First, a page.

While I was browsing the goodies for my Sony NEX3 at Adorama (one of my favorite online Camera stores) I came across a lens called the SLR Magic. There were a couple of them, but the one that caught my eye was the 35mm F1.7.
I was very curious about this lens that I’ve never heard of. So, I started searching online for some information. One of the websites that popped up in my google search was Steve Huff Photo, and he had done a review of the NEX5 with the SLR Magic 35! After reading Steve’s review I was hooked and went back to Adorama and pushed the button.
After a few short days my package arrived, and I was surprised at how small it was (it actually fit in our small mailbox! After opening it, I could see why. The box containing the lens was small, and so was the lens itself. Small yes, but it had a solid feel to it. I quickly mounted it on my NEX3 and went into the menus to get it set up for a test.
The SLR Magic Lens is completely manual, no autofocus, no auto anything! I had to set the camera to be able to fire without a lens attached since it didn’t recognize the SLR Magic. The NEX3 also has a feature called Manual Focus Assist. This will enlarge the picture on the LCD and make it easier to get the focus just right. I assigned the MF Assist to one of my 3 soft buttons making it very simple to use when needed.
Here’s what the SLR Magic looks like mounted to my NEX3:
Here’s what the SLR Magic looks like compared to the Sony 18-55mm lens:
Just to give you another a different view and sense of the size of the NEX3 with SLR Magic, I placed it next to my Sony F707:
One of the questions you may be asking is why go back to a manual focus lens when I have all of this technology at my fingertips? Good question, maybe I’m starting to go soft in the head! Actually I was looking to shrink my photo equipment footprint, and stumbled upon the SLR Magic. Using it was like stepping back in time, when there were no autofocus cameras, no image stabilizers, no auto exposure, no auto anything! You actually had to stop and think about how you wanted to capture the scene, and how to set the camera to make it happen. Having to manually focus and set the aperture gave me a taste of that simpler time, and I have to admit that I really enjoyed it!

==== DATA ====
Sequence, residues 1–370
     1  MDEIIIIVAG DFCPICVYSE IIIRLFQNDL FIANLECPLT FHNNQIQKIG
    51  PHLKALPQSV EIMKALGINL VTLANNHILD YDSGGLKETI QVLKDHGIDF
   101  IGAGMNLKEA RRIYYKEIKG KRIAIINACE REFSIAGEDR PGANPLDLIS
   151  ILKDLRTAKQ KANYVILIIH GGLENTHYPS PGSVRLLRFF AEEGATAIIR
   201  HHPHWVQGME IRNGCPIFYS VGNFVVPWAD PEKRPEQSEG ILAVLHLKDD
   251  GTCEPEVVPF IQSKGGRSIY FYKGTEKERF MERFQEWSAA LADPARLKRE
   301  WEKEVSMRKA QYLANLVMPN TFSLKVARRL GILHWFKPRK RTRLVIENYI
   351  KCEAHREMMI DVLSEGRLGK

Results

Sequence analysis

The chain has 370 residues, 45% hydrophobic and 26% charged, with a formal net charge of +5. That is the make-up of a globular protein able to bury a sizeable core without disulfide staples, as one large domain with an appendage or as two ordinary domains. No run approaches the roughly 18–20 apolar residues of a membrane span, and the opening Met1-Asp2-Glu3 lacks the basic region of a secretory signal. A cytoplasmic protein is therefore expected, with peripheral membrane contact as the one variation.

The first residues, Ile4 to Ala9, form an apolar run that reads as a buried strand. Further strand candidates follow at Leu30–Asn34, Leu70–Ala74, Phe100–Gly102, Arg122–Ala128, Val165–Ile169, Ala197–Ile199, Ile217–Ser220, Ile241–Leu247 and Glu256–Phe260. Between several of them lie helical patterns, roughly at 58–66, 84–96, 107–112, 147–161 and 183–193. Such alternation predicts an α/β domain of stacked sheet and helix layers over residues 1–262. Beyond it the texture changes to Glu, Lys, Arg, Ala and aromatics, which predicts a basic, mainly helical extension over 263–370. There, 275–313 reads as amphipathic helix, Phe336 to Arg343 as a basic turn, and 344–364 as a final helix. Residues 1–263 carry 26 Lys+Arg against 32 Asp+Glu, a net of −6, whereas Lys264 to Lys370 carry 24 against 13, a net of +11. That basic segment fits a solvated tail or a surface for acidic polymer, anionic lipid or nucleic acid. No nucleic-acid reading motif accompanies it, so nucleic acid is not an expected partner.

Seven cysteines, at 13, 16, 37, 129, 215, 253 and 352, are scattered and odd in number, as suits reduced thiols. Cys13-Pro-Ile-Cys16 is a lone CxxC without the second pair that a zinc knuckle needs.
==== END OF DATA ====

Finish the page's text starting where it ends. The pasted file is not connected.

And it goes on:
Before I show you more samples from the NEX3 and SLR Magic 35mm I want to touch the subject of a smaller footprint again. Maybe it’s because I’m getting older, or maybe I’m getting a little lazy, but whatever the reason, I’m very interested in shrinking the size of my photo equipment. It really hit me in the back of the head during my month long vacation to the Eastern Sierra. I had 5 cameras with me, and all of the bags and other crap to go along with them. This takes up quite a bit of space in the motorhome. And then when I actually used my larger DSLR Canon’s, I started to resent them a little. At 7,500 feet, carrying anything for any length of time starts to become a chore. When I started hiking (up to about 8,500 feet), I really started to dislike my heavy, bulky DSLR! Small, quick, easy to carry; that’s what I’m interested in now! The Sony NEX3 meets those requirements nicely! I’ll talk more about shrinking equipment in another post.
Back to the NEX3 and SLR Magic 35mm. Overall, I’m pleased! The SLR Magic 35mm gives me another option that I didn’t have before (specifically F1.7). Using F1.7 really blows out the background, something that isn’t as easy to do with my Sony 18-55mm lens.
Here are a few more photos. These are from an outing to the Los Angeles Arboretum.
Orchids, Sony NEX3 & SLR Magic 35mm @ F1.7
Sony NEX3 & SLR Magic 35mm @ F1.7
Sony NEX3 & SLR Magic 35mm @ F16
Sony NEX3 & SLR Magic 35mm @ F2.8
Time to wrap this up! My final thoughts on the SLR Magic are positive. No, it’s not a perfect lens. While it does feel pretty solid overall, the fit and finish are just ok. The focusing ring has a rubber ridged grip that is crooked. It doesn’t affect operation but looks sloppy. Trying to nail the focus down even with the MF Assist feature of the NEX3 can be a bit tedious at times. That’s not the lens fault, but some may not enjoy the challenge. And even when it is properly focused, it will probably not be as sharp as other high end lenses such as Canons L series. But the cost of SLR Magic is a whole lot less (only $139), so I’m ok with it’s imperfections. If you’re looking for a simple, light weight lens with a big aperture, then the SLR Magic may be for you! Check out Adorama and see if they have one for your camera!
Until next time, Happy Shooting!